I rode two cols in the Chartreuse that I had not done before. The first one, the Col de Coq, is impressive. Over an intensely steep 12.8km, the road climbs 1100 meters from the floor of the Grésivaudan valley, through two tunnels and later high above everything else. A beautiful ride, very quiet, and great road surface. Unfortunately, the descent on the other side can’t quite compete. The road is narrow, winding and covered with pot holes. Oncoming cars provide strong challenges. Suicide material. The road through the Gorges de Guiers Morts is much better, freshly repaved. Right before St Laurent du Pont at the end of the gorge is a sharp turnoff to the left, where the forest road to the Col de la Charmette starts. 700 meters of climbing over 10km shouldn’t be too challenging, but then it’s not only the average pitch that makes climbing hard. I had no idea what kind of epic I was in for.

While the noise from the main road was still fading away, the surface of the forest road already had. The climb was much steeper than the average seven percent, and I was left with ample time to contemplate the science of pot holes. It seems there are an infinite number of holes that can fill one square meter of road. Further up I added archeology to my studies. At least three layers of tarmac were visible on top of one another and sometimes next to each other. Some prehistoric Chartreusians must have built this road when no one was imagining cars. From there, more blacktop was added in fits and starts over the years. My bike was hopping over the bumpy surface like a horse in a military event. I had long stopped trying to avoid the holes. My goal, more sensible for sure, had become to navigate them sustaining as little damage as possible. With the state of roads here in general, and this pathetic example in particular, I’m really amazed I haven’t got a flat yet. 110psi in the tires is none too gentle to my backside, but it beats walking home after the second flat any day of the week.

After four kilometers of climbing the monastery of the Sisters of Notre Dame de Chartreuse rewarded me with a smooth surface and a very manageable gradient. Both lasted for half a kilometer, after which the gradient picked up again whereas the road surface simply disappeared. I was riding through gravel, over remaining bumps of tarmac and between rocks. Where the hell was my mountain bike?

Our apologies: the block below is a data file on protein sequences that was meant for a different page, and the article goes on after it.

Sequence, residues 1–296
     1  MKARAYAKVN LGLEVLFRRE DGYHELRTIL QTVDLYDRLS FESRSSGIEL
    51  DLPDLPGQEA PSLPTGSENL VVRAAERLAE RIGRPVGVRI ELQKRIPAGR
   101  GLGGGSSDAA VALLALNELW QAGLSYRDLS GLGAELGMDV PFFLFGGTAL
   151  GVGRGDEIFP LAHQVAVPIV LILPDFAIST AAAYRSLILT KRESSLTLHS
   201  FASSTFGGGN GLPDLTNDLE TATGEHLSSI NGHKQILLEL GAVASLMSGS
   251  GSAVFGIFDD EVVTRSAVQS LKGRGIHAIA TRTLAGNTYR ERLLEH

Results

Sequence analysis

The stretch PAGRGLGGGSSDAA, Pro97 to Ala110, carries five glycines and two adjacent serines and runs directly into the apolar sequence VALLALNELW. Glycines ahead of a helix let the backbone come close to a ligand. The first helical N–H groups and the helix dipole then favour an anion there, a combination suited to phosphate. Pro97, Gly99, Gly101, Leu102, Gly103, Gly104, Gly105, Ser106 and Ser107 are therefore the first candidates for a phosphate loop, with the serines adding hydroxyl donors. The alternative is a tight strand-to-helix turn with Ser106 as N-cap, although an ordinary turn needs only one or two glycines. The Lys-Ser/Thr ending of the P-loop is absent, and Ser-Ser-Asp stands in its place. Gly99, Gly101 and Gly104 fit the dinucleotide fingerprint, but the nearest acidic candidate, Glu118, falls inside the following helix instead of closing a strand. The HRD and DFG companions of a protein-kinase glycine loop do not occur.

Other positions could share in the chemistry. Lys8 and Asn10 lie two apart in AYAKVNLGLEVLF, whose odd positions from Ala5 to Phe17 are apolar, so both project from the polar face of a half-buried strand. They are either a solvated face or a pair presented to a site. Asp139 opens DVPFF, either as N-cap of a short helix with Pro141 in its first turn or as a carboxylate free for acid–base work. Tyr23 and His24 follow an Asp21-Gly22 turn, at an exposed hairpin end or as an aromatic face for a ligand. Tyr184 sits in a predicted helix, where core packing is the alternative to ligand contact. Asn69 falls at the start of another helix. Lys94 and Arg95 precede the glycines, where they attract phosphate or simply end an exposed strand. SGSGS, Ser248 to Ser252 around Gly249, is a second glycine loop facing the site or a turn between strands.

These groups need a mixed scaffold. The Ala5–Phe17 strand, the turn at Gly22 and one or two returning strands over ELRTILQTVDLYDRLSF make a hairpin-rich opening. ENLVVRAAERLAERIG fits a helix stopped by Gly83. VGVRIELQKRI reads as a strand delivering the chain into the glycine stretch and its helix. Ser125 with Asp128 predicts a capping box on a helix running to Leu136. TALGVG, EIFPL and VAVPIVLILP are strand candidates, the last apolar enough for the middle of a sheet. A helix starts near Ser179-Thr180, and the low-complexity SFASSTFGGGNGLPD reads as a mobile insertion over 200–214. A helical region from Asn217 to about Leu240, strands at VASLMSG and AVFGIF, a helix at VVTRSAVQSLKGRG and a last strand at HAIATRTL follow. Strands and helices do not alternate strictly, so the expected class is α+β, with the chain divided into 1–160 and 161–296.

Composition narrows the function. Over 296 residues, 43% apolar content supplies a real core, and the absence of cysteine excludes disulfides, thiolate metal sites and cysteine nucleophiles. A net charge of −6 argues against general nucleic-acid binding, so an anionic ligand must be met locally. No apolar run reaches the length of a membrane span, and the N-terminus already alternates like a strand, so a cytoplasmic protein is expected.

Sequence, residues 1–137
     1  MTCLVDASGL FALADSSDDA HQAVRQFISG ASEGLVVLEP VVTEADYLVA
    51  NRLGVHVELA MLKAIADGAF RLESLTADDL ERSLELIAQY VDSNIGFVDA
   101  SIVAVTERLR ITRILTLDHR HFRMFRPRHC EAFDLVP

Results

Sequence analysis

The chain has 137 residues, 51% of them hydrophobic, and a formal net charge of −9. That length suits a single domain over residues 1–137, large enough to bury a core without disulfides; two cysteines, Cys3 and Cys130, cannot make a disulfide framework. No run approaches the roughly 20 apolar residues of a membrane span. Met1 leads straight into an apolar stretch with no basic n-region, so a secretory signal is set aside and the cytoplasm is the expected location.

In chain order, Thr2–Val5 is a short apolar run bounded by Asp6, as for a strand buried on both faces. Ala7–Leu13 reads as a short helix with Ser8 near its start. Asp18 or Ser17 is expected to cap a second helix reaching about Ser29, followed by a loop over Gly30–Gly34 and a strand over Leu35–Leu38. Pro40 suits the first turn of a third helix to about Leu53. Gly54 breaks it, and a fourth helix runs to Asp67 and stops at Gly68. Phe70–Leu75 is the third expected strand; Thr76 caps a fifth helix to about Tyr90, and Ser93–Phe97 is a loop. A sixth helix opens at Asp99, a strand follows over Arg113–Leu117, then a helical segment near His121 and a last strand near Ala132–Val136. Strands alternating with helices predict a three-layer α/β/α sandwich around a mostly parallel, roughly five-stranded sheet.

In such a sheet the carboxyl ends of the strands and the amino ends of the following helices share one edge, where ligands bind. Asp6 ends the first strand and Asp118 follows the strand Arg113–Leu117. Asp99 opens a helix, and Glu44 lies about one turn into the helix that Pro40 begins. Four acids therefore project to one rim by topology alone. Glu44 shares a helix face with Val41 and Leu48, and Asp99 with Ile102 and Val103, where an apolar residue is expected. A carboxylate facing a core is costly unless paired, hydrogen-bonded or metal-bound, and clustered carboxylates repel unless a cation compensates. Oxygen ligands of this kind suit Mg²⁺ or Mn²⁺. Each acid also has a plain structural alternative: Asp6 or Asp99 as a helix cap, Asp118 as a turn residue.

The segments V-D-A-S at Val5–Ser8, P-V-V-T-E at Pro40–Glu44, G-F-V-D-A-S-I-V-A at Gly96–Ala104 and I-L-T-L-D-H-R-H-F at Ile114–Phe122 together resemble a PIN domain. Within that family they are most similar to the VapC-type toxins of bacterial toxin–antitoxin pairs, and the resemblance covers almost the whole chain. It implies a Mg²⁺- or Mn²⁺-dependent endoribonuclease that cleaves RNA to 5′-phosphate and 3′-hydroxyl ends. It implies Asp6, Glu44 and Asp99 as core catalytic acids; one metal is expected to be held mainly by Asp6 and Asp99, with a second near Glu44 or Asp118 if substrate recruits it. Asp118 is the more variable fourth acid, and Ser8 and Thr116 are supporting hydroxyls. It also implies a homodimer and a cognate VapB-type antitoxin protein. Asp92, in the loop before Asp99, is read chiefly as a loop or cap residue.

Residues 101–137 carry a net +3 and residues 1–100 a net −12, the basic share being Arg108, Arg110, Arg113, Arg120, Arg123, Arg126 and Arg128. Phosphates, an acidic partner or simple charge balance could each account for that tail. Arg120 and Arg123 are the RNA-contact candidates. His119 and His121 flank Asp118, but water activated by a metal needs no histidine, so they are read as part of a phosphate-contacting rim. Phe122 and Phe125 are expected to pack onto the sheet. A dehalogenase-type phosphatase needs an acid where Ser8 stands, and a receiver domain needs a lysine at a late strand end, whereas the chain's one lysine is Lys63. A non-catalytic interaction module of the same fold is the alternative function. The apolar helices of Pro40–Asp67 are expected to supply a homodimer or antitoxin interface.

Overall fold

Then came the tunnels, five of them, crudely carved into the rock before the advent of power tools. The fourth is about 200m long and completely dark. After ten meters, I saw nothing but a tiny bright circle in the distance that marked the end. I was going slowly, it was still steep, and I was hoping I wouldn’t hit a rock and fall off my bike, or fall into a hole. I didn’t see a thing. Riding completely blind, with no idea of pitch nor sense of surrondings or what was below me was one of my weirdest road biking experiences ever.

When I thought I had reached the top, after the gradient had leveled off anew and I was giving my big chain ring a workout for a change, the mountain hit back with a vengeance. The last kilometer and a half must have been quite a bit above 10%. It was a fight that I nearly lost. Nearly, but not quite. From the top at 1262m, it’s 20km back to my apartment, all downhill.

I’m taking another sip from this concoction the French call beer. It’s very similar to what Utahns called beer. Not only does it taste foul, it also leaves an offensive aftertaste in your mouth. To top it off, it has 4.2% alcohol, just like in Utah.

Saturday, July 09, 2005

Fascination Tour

I’m sitting here with glass of Cote du Rhône and watch the Tour. For one week now, I’ve been shown daily what I have missed over the last six years. The Tour is rolling through France, and I’m vraiment a part of it, just sitting here in my chair. Not much beats French TV for watching the Tour. It starts with all mountain stages being shown in the full beauty. Even the flat days deserve three hours live. Barely any commercial interrupts the broadcast.